The primary goal when eating is to meet energy requirements, but we’ve all been there at the end of a meal in a restaurant, full to the brim, and the waiter brings the dessert menu to the table, and as if by magic, you find room for that double chocolate brownie with ice cream. There’s a bunch of hormonal internal cues that are controlling these feelings of hunger, appetite, satiation (when you feel you have eaten enough during a meal) and satiety (how full you are after a meal), but our eating behaviour is governed strongly by what food is available to us and food accessibility. Physiological signals tell our brain we are hungry and when we are full, but appetite is different to hunger. Appetite, the desire to eat food whether hungry or not, reminds your brain of how good that brownie will taste. Other people may live in food deserts, or face food poverty, and may have limited food choices. Other people are spoiled for choice, and even though healthier options are available, there are factors vying against each other to determine what foods end up in our mouths.
There are 3 recognised eating behaviour constructs: hunger, restraint, and disinhibition (loss of restraint). Negative internal psychological cues such as anxiety, depression and stress, have all been found to increase appetite in the absence of hunger. Observational studies have demonstrated that these internal cues have greater influence on our eating behaviour than any environmental or physiological cue (Sung et al 2009, Koenders and van Strien 2011, van Strien et al 2012). Similar findings have been observed in weight loss intervention studies, with internal disinhibition (eating in response to cognitive and emotional cues) being strongly associated with greater weight loss, whereas external disinhibition (eating in response to environmental cues) had no association with weight loss (Neimeier et al 2007, Butryn et al 2009, Braden et al 2016).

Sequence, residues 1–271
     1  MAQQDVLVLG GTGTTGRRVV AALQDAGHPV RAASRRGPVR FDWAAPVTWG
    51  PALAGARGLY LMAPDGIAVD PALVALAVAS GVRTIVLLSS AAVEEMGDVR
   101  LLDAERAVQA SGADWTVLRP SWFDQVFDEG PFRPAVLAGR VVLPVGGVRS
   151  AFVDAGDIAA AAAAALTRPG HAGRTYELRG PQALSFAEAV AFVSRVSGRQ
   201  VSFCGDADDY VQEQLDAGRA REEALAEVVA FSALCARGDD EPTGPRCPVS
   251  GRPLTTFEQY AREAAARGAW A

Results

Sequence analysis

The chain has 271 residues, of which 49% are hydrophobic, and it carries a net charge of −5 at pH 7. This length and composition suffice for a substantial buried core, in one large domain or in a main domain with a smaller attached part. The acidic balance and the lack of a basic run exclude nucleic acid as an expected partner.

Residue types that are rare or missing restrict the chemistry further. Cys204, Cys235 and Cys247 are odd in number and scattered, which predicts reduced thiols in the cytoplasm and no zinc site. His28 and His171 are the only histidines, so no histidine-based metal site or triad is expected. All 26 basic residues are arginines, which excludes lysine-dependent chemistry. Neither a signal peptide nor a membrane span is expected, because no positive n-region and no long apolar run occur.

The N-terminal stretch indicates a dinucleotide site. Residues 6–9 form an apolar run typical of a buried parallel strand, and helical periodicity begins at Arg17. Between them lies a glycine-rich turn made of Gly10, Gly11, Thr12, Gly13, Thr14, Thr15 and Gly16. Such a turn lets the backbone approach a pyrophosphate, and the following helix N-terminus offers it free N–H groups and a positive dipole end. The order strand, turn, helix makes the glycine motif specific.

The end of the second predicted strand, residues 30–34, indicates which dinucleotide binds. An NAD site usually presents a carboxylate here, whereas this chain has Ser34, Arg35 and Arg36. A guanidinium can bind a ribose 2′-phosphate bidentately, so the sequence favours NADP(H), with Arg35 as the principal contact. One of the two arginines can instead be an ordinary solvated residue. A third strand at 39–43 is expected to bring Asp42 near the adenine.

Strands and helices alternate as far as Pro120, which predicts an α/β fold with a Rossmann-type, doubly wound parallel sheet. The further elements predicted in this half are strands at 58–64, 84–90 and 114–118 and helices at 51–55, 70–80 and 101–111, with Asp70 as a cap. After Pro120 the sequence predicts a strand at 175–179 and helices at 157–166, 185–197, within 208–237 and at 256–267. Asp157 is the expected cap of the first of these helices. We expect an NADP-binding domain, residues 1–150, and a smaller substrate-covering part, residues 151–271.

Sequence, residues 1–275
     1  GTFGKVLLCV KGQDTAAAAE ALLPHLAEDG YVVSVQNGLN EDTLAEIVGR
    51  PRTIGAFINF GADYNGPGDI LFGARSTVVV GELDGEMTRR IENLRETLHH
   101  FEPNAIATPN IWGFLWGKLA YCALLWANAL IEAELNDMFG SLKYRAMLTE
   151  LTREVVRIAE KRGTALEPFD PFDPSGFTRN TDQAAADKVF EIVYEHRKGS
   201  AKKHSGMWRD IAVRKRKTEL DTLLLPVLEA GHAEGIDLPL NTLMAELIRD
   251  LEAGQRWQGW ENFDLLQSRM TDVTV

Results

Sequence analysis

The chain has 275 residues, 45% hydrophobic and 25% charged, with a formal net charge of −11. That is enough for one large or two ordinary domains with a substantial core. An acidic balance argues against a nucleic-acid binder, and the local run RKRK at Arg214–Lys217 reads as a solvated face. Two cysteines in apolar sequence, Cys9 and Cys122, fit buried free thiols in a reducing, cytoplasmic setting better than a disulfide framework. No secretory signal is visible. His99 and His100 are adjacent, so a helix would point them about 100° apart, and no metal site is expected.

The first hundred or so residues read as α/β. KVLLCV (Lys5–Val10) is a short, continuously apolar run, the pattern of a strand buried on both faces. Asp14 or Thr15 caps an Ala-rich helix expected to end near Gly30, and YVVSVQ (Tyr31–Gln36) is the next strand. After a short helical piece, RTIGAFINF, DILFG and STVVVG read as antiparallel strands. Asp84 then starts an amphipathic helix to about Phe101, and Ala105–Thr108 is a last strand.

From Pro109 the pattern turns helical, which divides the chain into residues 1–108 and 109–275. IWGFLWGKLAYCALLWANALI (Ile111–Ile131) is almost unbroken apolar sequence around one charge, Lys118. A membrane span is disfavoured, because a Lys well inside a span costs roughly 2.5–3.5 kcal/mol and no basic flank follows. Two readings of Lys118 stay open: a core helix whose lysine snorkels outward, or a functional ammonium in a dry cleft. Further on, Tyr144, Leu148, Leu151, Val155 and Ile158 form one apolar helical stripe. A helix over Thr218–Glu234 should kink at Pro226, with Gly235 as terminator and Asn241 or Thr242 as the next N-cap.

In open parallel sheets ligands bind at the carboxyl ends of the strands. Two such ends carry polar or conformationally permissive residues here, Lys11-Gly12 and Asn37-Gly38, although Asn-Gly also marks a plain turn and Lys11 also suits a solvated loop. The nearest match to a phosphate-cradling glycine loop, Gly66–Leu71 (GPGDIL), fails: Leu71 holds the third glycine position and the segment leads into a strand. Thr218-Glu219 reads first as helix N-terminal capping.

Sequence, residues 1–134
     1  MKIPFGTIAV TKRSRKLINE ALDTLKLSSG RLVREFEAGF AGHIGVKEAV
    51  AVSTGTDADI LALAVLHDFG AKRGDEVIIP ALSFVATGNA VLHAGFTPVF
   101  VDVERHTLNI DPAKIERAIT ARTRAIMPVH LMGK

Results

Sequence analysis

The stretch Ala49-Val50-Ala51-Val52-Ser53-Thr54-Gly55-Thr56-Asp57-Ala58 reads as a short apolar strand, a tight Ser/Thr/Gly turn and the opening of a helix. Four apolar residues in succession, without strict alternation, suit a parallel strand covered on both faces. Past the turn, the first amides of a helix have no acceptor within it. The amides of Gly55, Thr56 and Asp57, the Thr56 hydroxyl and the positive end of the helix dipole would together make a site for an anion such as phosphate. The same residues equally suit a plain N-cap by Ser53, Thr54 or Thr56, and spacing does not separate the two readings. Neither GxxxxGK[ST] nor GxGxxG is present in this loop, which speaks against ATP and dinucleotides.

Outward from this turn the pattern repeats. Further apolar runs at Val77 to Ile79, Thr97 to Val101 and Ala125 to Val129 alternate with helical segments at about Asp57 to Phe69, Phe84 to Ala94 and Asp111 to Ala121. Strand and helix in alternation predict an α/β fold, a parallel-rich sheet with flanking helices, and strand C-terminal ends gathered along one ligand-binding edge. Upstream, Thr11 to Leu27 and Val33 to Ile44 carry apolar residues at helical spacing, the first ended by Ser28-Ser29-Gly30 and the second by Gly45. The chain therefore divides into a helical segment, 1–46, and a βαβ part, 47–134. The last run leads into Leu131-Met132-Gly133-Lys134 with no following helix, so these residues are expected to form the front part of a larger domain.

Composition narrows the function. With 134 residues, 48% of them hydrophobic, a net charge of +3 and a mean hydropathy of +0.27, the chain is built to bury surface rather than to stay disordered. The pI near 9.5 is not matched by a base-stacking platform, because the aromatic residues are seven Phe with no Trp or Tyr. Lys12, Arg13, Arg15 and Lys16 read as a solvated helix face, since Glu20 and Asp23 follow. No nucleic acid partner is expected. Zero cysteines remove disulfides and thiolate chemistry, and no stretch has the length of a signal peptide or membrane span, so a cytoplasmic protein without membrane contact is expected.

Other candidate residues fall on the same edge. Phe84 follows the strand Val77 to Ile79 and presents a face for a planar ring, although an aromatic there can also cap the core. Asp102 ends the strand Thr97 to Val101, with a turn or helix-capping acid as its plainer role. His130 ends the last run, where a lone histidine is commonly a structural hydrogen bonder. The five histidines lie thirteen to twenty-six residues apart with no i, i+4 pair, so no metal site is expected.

To summarise, hunger and restraint are not consistently associated with BMI or weight change, but internal disinhibition is. Therefore, telling overweight and obese people they just need to, “have more self-control”, “just eat less”, and “you should only eat when you’re hungry,”
The research clearly shows us that emotional eating is an issue that is preventing people from losing weight. Furthermore, studies show that emotional eating can lead to binge eating, which can cause even more unwanted weight gain. Many individuals are stuck in a never-ending dieting cycle, often referred to as yo-yo dieting (Figure 1). ‘Dieting’ in the traditional context of food restriction is a form of disordered eating, and it can lead to eating disorders.